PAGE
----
The RTL is built on preventing the transition from -1 to 0 in case with strings, so why not exploit/use this to protect runtime vars, also why to stop at -1, is there a law prevent using using such usage ? is it wikipedia or unspoken rules of Pascal.

 

But the RTL is built to handle this case with RefCount = -1, the same RTL functions are doing this and expected to generate normal behaviour and those are in fact doing well in that matter, so literal or not, what will do we violate by extend that behaviour? or is the result better logic and more resilient code ?

 

Your argument started and still going about, we shouldn't fix it because it can't be fix and even we shouldn't think about it because any such thinking means we don't understand reference counting, am i getting this right ?

 

Dear Dalija, i think you are missing the big picture here by not looking from different angle (or the big picture) , reference count is not the target, reference counting is used to manage one thing only, and that is to know when something is not used (and will not be used) and need to be free, that simple, the underlining scheme with counting the usage or building a huge list, is irrelevant, just to know when a value need special copy/duplicate or remove, and please don't correct me about the usage of a value (or content), we are beyond this as it is irrelevant, i think you do understand what i mean, an action need to be triggered when reached 0 in this case and we need to prevent it when going from -1 to 0, in theory i see it is doable and viable.

 

Share this post


Link to post

I should argue, that strictly technical definition of value type vs reference type is also confusing:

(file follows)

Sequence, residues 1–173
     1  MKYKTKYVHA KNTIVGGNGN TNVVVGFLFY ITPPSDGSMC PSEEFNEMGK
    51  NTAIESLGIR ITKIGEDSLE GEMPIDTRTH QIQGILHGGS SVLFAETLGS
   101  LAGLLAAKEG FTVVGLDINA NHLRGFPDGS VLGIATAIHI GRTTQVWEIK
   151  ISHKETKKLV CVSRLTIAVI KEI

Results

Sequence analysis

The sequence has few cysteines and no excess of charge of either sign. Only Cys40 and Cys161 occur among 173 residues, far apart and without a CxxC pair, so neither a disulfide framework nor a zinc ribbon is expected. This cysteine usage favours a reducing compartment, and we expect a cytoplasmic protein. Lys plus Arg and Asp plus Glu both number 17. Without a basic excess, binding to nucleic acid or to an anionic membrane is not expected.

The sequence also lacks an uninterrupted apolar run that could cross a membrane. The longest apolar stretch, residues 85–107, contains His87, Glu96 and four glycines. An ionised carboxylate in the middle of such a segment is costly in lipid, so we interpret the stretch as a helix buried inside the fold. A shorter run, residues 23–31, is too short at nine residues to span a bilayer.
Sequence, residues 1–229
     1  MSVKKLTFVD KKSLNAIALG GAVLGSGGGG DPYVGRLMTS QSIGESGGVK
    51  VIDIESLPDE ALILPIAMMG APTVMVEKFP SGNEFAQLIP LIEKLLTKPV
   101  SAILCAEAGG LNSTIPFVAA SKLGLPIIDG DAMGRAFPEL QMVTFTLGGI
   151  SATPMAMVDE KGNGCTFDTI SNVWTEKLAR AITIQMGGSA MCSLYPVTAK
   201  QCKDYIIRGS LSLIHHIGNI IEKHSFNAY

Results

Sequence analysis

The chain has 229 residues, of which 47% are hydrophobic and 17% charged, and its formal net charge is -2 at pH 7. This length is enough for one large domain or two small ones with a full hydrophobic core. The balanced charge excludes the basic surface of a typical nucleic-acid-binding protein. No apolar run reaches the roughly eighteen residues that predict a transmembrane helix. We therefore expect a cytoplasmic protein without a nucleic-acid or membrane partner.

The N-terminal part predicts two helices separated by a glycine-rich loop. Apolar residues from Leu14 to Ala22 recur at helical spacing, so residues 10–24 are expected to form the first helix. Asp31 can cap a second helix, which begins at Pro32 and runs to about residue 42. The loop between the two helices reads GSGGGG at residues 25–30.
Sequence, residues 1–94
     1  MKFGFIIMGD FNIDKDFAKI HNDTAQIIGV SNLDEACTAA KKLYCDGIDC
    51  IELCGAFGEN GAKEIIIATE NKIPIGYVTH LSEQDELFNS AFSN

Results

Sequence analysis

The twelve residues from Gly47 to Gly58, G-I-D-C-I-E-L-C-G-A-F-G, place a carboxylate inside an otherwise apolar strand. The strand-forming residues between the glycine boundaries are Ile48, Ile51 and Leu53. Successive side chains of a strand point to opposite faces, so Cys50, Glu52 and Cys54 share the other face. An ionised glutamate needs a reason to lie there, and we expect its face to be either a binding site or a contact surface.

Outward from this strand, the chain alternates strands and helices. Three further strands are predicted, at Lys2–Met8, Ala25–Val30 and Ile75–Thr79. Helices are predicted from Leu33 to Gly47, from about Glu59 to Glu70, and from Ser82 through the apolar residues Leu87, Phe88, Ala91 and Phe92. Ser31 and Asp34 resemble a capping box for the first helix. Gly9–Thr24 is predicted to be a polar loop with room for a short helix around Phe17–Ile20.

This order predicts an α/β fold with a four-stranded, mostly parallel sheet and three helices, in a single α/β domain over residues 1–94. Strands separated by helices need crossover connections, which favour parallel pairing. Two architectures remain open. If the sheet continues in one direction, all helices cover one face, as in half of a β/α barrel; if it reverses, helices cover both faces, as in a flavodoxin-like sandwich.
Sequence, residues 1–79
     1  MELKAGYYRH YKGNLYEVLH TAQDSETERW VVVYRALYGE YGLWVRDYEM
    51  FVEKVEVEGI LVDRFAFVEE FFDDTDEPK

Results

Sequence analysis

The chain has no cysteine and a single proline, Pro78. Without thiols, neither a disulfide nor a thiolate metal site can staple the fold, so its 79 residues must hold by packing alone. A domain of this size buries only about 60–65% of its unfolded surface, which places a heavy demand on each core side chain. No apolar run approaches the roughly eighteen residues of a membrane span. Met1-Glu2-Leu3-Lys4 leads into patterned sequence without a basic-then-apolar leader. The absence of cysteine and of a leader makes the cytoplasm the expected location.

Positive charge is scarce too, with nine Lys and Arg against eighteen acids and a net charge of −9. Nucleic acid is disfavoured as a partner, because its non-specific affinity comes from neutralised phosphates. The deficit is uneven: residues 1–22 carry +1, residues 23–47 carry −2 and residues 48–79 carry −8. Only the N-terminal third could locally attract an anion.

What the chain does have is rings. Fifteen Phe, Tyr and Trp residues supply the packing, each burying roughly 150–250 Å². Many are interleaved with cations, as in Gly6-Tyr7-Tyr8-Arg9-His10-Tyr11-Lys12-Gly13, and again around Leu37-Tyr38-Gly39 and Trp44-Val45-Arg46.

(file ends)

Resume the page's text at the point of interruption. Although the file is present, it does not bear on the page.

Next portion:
type
  TFoo = record
    S: string;
  end;

var
  S: string; // string is a reference type (in memory layouting sense).
  F: TFoo;   // TFoo is a value type.

While the memory layouts are identical in both cases.

 

Also, @Dalija Prasnikar, just for fun, how you define for yourself Pointer type? Is it a value type or a reference type?

procedure P;
var
  x: Integer;
  p: Pointer;
begin
  p := @x;
end;

 

Edited by balabuev

Share this post


Link to post
5 minutes ago, balabuev said:

Also, @Dalija Prasnikar, just for fun, how you define for yourself Pointer type? Is it a value type or a reference type?

 

Pointer is a reference type. 

 

But if you are bisecting reference types, then reference part (the immediate value stored in variable) has value type semantics. In other words when you assign one pointer to another you are creating copy of a stored value in that variable alone (reference part), just like when you are assigning one integer to another.

 

If that pointer is not nil - then assigning one pointer to another will still point to the same data location, while pointer itself will have two distinct copies at that time.

 

That also answers the first part of your question. 

Share this post


Link to post
1 hour ago, Dalija Prasnikar said:

Pointer is a reference type. 

 

I knew that you'll say this :classic_smile:.

 

With Pointer type I just wanted to highlight the fact that its values have no associated second part (like heap chars data in strings). In definition from Wikipedia this mising second part is called - "actual value".

 

Yes, pointers usually points to some data, but this data cannot be considered a part of pointer value - pointer values point to (or hold location of) some external data. I mean that pointer value itself (the address) is quite disconnected from the data (if any) to which it points.

 

And so, the "actual value" of Pointer - is the stored address itself.

 

2 hours ago, Dalija Prasnikar said:

That also answers the first part of your question. 

 

So, if I tell you just the fact that some variable is represented by a pointer to heap actual data, you will not be able to guess, whether I'm speaking about a variable of a value type (like, for example, TFoo) or a variable of a reference type (like, for example, dynamic array). It's impossible to distinguish between these two things based on provided information.

 

Share this post


Link to post
6 minutes ago, balabuev said:

 

I knew that you'll say this :classic_smile:.

 

With Pointer type I just wanted to highlight the fact that its values have no associated second part (like heap chars data in strings). In definition from Wikipedia this mising second part is called - "actual value".